Standing atop the Puerta America Hotel, enjoying the view of Madrid from the 13th floor bar, I wondered what would be revealed on the floors below? How would each be different? And which would be my favourite?
I wouldn’t normally be so eager to explore every floor of a hotel but this place is different. The Puerta America is a five star luxury hotel with a twist: 19 of the world’s top architects and design studios were given complete creative freedom to develop their own space. Each floor is unique to its designer, creating innovations that are a bold departure from the usual hotel environment.
Embarking on a tour of the hotel – which occurs daily for guests – I was eager to see the best in avant-garde design and architecture. But as I worked my way down through the building, amidst the giggles and gasps of my companions, I felt a little disappointment creeping in.
The spaces were certainly unique: from all black, white or red rooms to three-dimensional metal cubist corridors and space ship like pods, plus a few more conventional-style rooms. There was something for everyone. But, and this is a big but, there were some basic aspects of comfort and functionality that seemed lacking. And as Puerta America claims to offer “an eclectic, daring space that does not sell comfort short” I was surprised.
Square baths offered awkward angles, making them impossible lie down in comfortably; smoked mirrors were a disaster waiting to happen when applying make-up and open space toilets and baths stripped away all sense of privacy between those sharing a bedroom. This was in addition to sometimes claustrophobic corridors and at times over-designed, cramped rooms.
However, there were some great rooms and fortunately mine - designed by Katherine Findlay - was one of them, a serene white pod. Exiting the lift onto a curved white glimmering pastel coloured polka dotted lobby, smooth glossy white walls led me down to my retreat. Reminiscent of 1960s interpretations of life in the space age Findlay’s design felt spacious and the room boasted a wonderful city-scape view.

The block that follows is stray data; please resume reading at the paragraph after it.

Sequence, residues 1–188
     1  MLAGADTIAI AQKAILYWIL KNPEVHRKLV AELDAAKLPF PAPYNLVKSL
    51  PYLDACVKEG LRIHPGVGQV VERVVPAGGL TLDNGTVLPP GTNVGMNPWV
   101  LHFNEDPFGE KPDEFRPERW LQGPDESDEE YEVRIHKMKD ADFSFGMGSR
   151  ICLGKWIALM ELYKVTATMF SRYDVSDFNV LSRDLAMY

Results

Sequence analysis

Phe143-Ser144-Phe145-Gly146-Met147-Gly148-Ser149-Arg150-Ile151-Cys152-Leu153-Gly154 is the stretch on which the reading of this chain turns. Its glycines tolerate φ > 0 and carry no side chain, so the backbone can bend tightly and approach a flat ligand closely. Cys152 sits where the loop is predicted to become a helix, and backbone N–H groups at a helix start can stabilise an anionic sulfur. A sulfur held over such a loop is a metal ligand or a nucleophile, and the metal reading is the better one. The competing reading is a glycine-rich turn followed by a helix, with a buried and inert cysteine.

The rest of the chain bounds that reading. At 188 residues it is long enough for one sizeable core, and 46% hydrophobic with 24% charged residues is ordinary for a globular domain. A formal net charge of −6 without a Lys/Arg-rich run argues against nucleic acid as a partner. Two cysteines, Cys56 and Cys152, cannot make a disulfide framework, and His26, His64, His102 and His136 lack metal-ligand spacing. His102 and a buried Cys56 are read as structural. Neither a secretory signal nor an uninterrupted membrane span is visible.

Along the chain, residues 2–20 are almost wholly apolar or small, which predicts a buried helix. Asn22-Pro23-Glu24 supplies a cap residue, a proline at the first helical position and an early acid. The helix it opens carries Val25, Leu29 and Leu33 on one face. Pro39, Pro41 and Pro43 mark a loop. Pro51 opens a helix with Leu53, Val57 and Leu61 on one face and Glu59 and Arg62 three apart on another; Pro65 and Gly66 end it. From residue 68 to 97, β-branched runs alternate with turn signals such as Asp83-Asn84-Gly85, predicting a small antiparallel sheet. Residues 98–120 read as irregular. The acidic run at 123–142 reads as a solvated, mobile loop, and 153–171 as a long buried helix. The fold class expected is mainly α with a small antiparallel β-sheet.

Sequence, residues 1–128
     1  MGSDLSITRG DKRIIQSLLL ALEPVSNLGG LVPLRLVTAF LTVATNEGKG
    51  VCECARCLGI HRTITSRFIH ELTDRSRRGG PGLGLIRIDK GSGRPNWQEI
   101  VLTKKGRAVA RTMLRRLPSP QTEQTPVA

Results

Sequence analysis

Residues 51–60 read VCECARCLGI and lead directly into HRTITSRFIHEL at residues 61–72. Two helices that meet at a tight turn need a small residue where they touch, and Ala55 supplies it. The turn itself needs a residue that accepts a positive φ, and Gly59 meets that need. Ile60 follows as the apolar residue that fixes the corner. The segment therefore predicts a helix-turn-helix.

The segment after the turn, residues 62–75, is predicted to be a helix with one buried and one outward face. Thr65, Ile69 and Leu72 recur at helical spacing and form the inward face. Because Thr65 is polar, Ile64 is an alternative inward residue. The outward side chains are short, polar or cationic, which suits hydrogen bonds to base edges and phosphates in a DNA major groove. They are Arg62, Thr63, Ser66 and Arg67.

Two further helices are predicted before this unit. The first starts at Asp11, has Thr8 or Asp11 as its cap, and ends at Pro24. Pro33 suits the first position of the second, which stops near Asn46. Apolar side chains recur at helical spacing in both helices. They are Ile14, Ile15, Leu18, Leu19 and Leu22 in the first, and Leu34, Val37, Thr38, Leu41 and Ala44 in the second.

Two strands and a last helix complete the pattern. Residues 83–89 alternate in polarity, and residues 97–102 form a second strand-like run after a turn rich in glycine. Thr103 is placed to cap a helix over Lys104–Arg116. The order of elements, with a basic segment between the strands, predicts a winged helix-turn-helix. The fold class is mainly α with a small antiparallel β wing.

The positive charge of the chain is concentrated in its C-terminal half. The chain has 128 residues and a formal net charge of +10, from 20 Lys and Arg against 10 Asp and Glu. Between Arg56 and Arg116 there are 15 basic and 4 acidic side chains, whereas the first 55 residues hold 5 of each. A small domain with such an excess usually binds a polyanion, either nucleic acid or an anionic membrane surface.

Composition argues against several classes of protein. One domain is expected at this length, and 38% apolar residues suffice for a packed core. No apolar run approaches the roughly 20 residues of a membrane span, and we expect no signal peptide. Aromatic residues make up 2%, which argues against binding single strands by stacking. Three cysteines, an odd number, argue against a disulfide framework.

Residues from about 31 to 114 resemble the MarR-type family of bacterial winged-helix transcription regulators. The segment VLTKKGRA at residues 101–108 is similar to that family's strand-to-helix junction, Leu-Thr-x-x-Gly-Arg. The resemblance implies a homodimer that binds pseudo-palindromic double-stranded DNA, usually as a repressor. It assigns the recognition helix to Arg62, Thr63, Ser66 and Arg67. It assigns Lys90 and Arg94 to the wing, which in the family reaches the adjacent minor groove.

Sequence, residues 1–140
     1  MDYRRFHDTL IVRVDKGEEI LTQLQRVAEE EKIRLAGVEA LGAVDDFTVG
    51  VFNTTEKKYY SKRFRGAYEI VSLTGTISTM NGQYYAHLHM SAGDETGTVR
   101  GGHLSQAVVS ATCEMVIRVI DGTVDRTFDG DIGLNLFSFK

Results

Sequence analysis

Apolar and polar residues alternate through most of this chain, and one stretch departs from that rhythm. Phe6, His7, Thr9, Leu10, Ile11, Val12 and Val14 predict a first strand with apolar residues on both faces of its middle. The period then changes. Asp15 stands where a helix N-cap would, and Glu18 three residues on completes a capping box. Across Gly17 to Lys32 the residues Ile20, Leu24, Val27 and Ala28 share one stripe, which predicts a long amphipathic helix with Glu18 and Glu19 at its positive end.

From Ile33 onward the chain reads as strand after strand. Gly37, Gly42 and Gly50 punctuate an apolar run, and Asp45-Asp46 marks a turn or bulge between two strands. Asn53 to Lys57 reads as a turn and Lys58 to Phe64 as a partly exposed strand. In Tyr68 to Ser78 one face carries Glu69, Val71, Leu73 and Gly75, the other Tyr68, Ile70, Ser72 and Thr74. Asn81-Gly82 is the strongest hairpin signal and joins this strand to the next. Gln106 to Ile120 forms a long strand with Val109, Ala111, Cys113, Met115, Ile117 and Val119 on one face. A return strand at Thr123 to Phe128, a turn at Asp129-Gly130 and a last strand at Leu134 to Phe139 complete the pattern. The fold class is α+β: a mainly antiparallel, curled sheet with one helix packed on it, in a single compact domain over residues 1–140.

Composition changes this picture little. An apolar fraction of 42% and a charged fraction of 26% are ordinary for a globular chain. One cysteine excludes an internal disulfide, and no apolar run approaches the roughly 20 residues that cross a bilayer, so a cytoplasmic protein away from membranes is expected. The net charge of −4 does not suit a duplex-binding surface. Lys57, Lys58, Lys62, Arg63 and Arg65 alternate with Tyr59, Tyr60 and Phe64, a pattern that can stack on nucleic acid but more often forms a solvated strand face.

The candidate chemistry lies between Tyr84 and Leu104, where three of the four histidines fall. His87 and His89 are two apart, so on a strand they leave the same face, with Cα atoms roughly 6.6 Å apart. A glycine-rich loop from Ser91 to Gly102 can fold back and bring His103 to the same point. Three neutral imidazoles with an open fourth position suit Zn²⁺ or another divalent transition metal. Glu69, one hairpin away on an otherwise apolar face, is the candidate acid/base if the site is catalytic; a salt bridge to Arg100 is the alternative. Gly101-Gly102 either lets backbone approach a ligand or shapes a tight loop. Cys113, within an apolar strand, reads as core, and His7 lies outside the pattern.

The Puerta America isn’t only about its rooms though. Complete with gym, swimming pool, and two restaurants, it also attracts a local in crowd who head straight up to the buzzing Skynight Bar.
And the hotel stimulates more than your visual senses: taste buds are in for a treat too. You can pop into the MAD restaurant for breakfast, brunch or a relaxed, informal meal. But for something truly special, make sure you dine at Lagrimas Negras. Following a splendid tasting of over 20 dishes I was impressed at the subtle reworking of classic Spanish ingredients: tapas of grilled octopus within a tomato and potato sauce, and a peppery blood sausage stew being particularly notable. The provision of eau de toilette, toothbrushes, shoe shine and tissues in the loos were a touch that showed attention to customer care.
The Puerta America is proud of that fact that it allowed its designers to do as they pleased. This can be a challenge to your perception of how a hotel – and in particular the room you are to stay in – should be.
The wow! factor went a bit too far for me but despite this I had an extremely enjoyable stay, the overall atmosphere was great and the staff welcoming and keen to make sure guests had all they needed.
It was certainly an experience. As a curiosity the Puerta America works but if novelty is not your thing you’d be wise to seek something more traditional.